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Int J Cardiol. 2015 Feb 1;180:185-91. doi: 10.1016/j.ijcard.2014.11.183. Epub 2014 Nov 27.

The safety and efficacy of vitamin K antagonist in patients with atrial fibrillation and liver cirrhosis.

Author information

1
Cardiology Division, Department of Internal Medicine, Yonsei University College of Medicine, 50 Yonsei-ro, Seodaemun-gu, Seoul 120-752, Republic of Korea.
2
Cardiology Division, Department of Internal Medicine, Yonsei University College of Medicine, 50 Yonsei-ro, Seodaemun-gu, Seoul 120-752, Republic of Korea. Electronic address: cby6908@yuhs.ac.

Abstract

BACKGROUND:

Bleeding is a major concern in treatment of atrial fibrillation (AF) with vitamin K antagonist (VKA). This concern is more emphasized in patients with high bleeding risk such as liver cirrhosis (LC).

METHODS AND RESULTS:

We retrospectively analyzed incidence of stroke and major bleeding in 321 AF patients with LC, including early [Child-Pugh (CP)-A, n=215] and advanced [CP-B or C, n=106] LC according to VKA prescription. The CHA2DS2-VASc, HAS-BLED and MELD scores were higher in patients with VKA. CP score was positively correlated with HAS-BLED score (rho: 0.602). The incidence of major bleeding was higher in advanced LC than in early LC (14.5%/year vs. 4.9%/year, p<0.001). VKA reduced the risk of ischemic stroke in AF patients with LC, whereas it significantly increased the major bleeding risk. There was no difference in survival free from significant clinical events (SCEs) between the patients with or without VKA (p=0.91). On subgroup analysis, VKA was beneficial in early LC patients, as it decreased stroke without increasing major bleeding risk. However, in advanced LC patients, VKA significantly increased the risk of major bleeding, especially variceal origin, that overwhelms stroke reduction. As a result, VKA treatment reduced the risk of SCEs in early LC patients, whereas it increased the risk of SCEs in advanced LC.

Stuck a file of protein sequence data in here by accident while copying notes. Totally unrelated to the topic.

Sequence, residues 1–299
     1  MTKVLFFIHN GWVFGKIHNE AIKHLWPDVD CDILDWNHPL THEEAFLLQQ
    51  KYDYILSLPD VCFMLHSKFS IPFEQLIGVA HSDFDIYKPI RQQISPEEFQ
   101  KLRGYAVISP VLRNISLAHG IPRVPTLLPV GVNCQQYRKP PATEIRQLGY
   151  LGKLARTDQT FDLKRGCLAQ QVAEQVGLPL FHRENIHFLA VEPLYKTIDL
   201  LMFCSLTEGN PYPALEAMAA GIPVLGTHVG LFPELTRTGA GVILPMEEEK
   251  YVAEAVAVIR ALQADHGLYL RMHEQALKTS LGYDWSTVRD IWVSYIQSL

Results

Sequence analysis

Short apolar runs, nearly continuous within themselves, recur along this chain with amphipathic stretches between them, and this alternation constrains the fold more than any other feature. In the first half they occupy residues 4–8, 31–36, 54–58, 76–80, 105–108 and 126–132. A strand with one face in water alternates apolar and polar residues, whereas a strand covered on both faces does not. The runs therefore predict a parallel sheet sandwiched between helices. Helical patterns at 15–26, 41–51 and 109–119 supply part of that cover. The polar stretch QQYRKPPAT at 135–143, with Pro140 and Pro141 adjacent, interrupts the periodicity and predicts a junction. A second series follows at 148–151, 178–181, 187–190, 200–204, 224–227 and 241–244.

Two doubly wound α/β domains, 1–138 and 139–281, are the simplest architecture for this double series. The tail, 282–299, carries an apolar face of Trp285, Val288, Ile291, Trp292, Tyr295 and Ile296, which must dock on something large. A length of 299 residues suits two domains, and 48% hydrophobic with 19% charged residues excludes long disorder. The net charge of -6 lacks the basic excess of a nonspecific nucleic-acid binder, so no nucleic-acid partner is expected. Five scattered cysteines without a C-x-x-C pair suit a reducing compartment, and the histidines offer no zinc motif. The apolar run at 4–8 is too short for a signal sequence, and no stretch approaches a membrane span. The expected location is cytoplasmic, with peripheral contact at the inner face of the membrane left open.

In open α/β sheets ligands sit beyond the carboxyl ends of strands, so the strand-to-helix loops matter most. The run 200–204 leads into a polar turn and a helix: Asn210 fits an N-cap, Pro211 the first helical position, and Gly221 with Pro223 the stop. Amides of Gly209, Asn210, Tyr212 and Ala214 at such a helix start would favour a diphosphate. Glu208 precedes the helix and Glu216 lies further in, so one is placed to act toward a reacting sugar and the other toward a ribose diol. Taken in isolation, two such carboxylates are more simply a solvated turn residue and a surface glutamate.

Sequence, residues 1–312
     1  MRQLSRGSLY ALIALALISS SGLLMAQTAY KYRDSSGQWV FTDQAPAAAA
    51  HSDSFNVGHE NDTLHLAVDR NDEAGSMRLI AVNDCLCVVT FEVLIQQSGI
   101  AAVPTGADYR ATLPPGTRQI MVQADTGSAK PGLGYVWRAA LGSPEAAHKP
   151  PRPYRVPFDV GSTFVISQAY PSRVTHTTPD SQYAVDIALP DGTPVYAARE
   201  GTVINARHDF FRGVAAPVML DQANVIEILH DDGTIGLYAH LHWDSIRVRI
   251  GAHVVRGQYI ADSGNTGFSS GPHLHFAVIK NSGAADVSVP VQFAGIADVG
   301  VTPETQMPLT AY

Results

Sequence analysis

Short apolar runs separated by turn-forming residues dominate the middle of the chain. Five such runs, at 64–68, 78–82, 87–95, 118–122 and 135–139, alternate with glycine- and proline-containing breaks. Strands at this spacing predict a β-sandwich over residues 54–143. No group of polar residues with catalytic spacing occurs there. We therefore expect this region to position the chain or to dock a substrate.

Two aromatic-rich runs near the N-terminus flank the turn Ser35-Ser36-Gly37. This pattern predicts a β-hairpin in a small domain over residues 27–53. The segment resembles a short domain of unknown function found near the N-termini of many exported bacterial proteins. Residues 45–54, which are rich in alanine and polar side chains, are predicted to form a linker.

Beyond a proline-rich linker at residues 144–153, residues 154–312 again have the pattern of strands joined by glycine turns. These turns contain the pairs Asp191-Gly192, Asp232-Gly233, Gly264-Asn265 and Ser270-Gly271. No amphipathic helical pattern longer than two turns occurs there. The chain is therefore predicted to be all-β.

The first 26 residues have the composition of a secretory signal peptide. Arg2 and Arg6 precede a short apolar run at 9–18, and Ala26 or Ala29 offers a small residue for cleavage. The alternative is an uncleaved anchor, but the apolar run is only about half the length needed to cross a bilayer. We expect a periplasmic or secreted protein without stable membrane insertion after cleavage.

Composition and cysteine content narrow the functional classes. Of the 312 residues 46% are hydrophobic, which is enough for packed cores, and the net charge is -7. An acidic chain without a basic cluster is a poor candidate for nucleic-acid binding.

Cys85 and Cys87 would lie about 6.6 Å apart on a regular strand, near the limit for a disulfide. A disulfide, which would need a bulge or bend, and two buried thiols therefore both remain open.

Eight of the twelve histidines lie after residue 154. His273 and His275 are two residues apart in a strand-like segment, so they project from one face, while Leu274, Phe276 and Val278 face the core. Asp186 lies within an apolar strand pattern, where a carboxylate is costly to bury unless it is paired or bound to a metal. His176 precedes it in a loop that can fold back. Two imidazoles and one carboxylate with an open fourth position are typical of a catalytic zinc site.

CONCLUSIONS:

VKA treatment might be beneficial to reduce significant clinical events in the early LC but not in the advanced LC group. However to confirm this hypothesis, a prospective randomized study is needed.

KEYWORDS:

Atrial fibrillation; Hemorrhage; Liver cirrhosis; Oral anticoagulant; Stroke; Vitamin K antagonist

PMID:
25463361
DOI:
10.1016/j.ijcard.2014.11.183
[Indexed for MEDLINE]

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